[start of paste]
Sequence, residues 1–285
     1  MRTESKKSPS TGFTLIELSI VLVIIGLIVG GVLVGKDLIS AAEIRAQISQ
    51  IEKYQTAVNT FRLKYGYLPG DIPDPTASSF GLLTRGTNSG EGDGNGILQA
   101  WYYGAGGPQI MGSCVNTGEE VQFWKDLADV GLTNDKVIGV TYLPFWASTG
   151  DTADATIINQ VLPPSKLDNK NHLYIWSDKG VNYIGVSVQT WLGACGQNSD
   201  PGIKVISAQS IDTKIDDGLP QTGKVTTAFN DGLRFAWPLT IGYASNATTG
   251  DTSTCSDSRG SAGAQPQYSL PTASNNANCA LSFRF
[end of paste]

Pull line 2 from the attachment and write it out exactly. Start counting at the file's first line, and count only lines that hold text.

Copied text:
     1  MRTESKKSPS TGFTLIELSI VLVIIGLIVG GVLVGKDLIS AAEIRAQISQ